Find the arc length (using hyperbolic trig)

In summary, the problem at hand is to find the length of the curve y=ln(x) over the interval 1/2<=x<=2. The attempt at a solution involves using the formula for arc length, but the main issue arises when trying to solve the integral on the right side. The writer tried several methods, including using hyperbolic trig functions and substituting in terms of e, but none of them gave the correct answer. The writer also asks for advice on whether using hyperbolic trig functions is a good approach for this problem.
  • #1
1. The problem statement, all variables and given/known

Find the length of the curve $$y=ln(x),\frac{1}{2}<=x<=2$$

Homework Equations

Using hyperbolic trig isn't necessary, but it's how my text (Serge Lang's A First Course in Calculus) approaches most square roots, and as a result, it's what I've grown accustomed to. I am aware of other solutions (thanks to Wolfram Alpha). I want to know where the heck I'm going wrong.

The Attempt at a Solution

Arc length can be calculated by $$ \int_a^b \sqrt{1+(\frac{dx}{dy})^{2}}dx$$. Since y=ln(x), then dx/dy=1/x dx, which gives our first integral of $$ \int_\frac{1}{2}^2 \sqrt{1+\frac{1}{x}^{2}} dx$$. Combining the two terms under the radical and simplifying, we have $$\int_\frac{1}{2}^2 \frac{\sqrt{x^{2}+1}}{x} dx$$. Next, let x=sinh(t), then dx=cosh(t) dt. Substitution gives us the indefinite integral (with limits of integration to be used after finding an indefinite integral) $$\int \frac {\sqrt{sinh^{2}t+1}}{sinht}dt$$. Renaming sinh^2(t)+1 into cosh^2(t), and then taking the square root of that, then multiplying it by cosht, gives us $$\int \frac {cosh^{2}t}{sinht}dt$$. Renaming cosh^2(t) into sin^2(t)+1, and splitting the fraction into its two equivalent pieces, then simplifying, we now have $$ \int sinh(t)dt+\int \frac{dt}{sinh(t)}$$. The left integral simplifies into sinht dt, whose integral is cosht, and this allows us to substitute back for an explicit expression (in terms of x), namely, $$\sqrt{x^{2}+1}$$.

The right side is my issue. I did a number of things, but what worked the best was to rename sinh(t) in terms of e. I simplified the fraction and found that I had $$\int \frac{2 dt}{e^{t}-e^{-t}}$$. I multiplied this integral by the clever one (e^t)/(e^t), which gave me $$2 \int \frac{e^{t}dt}{e^{2t}-1}$$. Because this looked like a very difficult integrand, I substituted back for x, since t=arcsinh(x) (which we know). Then we have $$2 \int \frac {x+\sqrt{x^2+1}dx}{(x+\sqrt{x^2+1})^{2}-1}$$. Simplifying this I found $$2 \int \frac {x+\sqrt{x^2+1}}{2x^{2}+2x\sqrt{x^{2}+1}}$$. Factoring out a 1/2, which cancels the constant on the outside, we have what appears to simplify into a very simple integrand, that is, $$\int \frac{dx}{x}$$.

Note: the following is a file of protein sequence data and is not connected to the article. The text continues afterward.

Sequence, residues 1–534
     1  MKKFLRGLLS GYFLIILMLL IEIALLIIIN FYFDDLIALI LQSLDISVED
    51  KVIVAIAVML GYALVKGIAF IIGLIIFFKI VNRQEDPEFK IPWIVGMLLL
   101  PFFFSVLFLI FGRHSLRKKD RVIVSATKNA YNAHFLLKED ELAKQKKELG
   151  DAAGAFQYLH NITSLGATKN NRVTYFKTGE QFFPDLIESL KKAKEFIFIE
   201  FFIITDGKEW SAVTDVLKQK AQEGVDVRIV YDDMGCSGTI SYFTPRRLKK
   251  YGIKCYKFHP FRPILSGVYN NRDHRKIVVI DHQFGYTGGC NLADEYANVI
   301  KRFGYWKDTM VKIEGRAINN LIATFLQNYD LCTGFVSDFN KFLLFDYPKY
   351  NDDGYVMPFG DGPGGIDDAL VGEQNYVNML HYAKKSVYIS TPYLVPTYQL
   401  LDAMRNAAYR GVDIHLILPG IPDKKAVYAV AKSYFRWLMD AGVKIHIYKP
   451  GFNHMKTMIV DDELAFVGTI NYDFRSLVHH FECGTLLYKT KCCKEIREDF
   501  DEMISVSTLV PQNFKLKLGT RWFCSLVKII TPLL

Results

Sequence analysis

Evaluating this from 1/2 to 2 would give me the answer $$\frac{\sqrt{5}}{2}-ln(\frac{1}{4})$$. This is approximately equal to 2.504. This is not the right answer. The book's answer is given as $$\frac{\sqrt{5}}{2}+ln(\frac{4+2\sqrt{5}}{1+\sqrt{5}})$$, which is approximately equal to 2.080.

Phew! That was a long write up from me - any help would be appreciated. Also, some advice: Are the hyperbolic trig functions a good or bad idea here? I know we can also use tan^2(theta)+1 to our advantage here as well.
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  • #2
josephgerth said:
Arc length can be calculated by $$ \int_a^b \sqrt{1+(\frac{dx}{dy})^{2}}dx$$. Since y=ln(x), then dx/dy=1/x dx,
you mean dy/dx in both places. And it's just dy/dx = 1/x.
josephgerth said:
dx=cosh(t) dt
Yes, but you left that cosh out of the next line. (It reappears later.)

After solving the indefinite integral, you should check it satisfies the original equation by differentiating back.

Anyway, it's worth knowing how to integrate cosech, sech, sec and cosec.
E.g.for sec,
##\sec(x).dx = \frac{\cos(x).dx}{1-\sin^2(x)} = \frac {ds}{1-s^2}##
Expand using partial fractions.

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